Hint for finding good videos

  • When looking for videos for your class, try to find a web site or YouTube channel that has many videos on this topic, not just a single video. It often saves time looking for more videos and gives some consistency with the videos that you share.
  • Khan Academy, Khan Academy for Kids, Discovery Education, PBS, and more sites have good video.
  • The district library also has access to lots of classroom videos through their Classroom Videos on Demand. This site does require an account and password (which was in an email from them a while ago, but I can’t post here to the Internet). I’m not sure if it can be linked to through Clever so you don’t have to remember the account and password.
  • Watch the videos before sharing them, especially from YouTube. YouTube is notorious for having school-inappropriate language and content. 

Resources for making your own videos:

Hints for recording your own video:

  • Don’t be afraid to just record your Google Meet with your students. It may not be that exciting to watch, but it is a video recording of you teaching. You also don’t have to spend any extra time doing the recording. You can use one of the editing tools to shorten it or use EdPuzzle to trim it.   
  • Keep your videos short, under 5 minutes. This also makes editing and re-shooting easier. Unless they are very engaging, most students will lose interest after a few minutes. 
  • Keep your videos to a single topics. This keeps them shorter in length and easier to deal with. If I want 3 videos on related topics, record each as their own video, but share them together. It’s easier to go through and watch 3 short 5 min videos that to try to scroll through and watch a longer 15 minute video.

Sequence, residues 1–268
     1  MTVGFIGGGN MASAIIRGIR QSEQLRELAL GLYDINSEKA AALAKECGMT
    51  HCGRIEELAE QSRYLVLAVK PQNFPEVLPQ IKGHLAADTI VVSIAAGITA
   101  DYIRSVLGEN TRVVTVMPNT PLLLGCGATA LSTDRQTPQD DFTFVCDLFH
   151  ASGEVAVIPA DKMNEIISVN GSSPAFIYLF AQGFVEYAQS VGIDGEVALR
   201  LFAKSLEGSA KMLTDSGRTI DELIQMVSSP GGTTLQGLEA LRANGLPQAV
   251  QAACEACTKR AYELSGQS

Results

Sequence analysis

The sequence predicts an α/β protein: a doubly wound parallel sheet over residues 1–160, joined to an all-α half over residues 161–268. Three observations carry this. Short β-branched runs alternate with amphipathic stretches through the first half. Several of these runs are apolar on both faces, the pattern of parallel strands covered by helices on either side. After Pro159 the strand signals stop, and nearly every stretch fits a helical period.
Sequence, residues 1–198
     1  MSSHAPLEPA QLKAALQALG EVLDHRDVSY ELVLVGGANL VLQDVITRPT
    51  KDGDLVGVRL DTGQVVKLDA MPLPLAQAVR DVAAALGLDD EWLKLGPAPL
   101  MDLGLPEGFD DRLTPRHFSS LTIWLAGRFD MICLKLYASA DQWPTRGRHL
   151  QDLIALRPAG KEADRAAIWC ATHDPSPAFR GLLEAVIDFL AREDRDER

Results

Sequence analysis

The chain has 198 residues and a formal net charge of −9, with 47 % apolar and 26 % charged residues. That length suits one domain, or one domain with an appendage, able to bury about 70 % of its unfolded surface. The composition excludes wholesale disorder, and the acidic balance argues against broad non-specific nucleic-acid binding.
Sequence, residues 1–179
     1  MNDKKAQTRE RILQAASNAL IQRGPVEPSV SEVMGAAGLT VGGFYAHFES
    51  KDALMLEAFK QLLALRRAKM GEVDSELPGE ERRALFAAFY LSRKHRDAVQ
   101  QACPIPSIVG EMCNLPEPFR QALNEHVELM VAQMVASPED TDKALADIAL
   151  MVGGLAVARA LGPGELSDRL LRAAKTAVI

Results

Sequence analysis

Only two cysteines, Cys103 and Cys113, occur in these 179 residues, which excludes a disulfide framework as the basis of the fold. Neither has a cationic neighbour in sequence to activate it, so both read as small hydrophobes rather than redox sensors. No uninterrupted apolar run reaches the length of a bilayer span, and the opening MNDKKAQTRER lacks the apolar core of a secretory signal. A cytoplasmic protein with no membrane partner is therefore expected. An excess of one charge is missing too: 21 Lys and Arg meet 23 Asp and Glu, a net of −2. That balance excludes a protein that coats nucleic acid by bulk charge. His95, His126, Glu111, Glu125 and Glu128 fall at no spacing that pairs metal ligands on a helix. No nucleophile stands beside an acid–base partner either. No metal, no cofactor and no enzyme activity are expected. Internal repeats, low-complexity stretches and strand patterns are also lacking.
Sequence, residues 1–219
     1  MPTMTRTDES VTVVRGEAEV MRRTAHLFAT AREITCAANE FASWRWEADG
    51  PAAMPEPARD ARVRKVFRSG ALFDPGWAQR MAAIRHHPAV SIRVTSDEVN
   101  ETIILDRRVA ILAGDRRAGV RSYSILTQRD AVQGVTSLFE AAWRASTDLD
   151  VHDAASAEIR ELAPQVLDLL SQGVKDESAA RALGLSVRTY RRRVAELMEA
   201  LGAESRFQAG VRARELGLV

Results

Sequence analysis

• Shoot the important, key, or difficult parts of the lesson. Shoot what will be the best for the students to rewind and review if they have trouble. Instead of filming you working through 50 math problems, choose only 5 that can demonstrate the key concepts. 
  • Have a script or a detailed plan before shooting the video. Have all of your props and materials ready before filming. Just like teaching, the more prepared you are, the better the video goes. Do a practice run if need be and don’t be afraid to re-shoot.
  • Try to keep your editing to a minimum. Editing is what takes so long. If you want to do things quickly, get it in the video when recording, not in the editing later. A good plan minimizes the editing.
  • Watch the audio. If the microphone (often on the computer, phone, or camera) are too far away from you, you may have a hard time hearing it. Also, try to record in a quiet area. Cars, sirens, birds, children, etc. will all be picked up and are distracting if you are not careful.
  • Good videos take a lot of time and work. For example I link to this video in my Graphics and Modeling class. You will notice it is a view of the person overlaid on top of the view of a computer, two videos shot separately edited together. He is also using an advanced microphone to make the audio really clean. The video is 13 minutes, but probably took 20-30 hours to make. 

If you can create exciting and engaging videos for your entire curriculum, you can sell them for $100 per student per year. That’s what companies charge for an online video curriculum.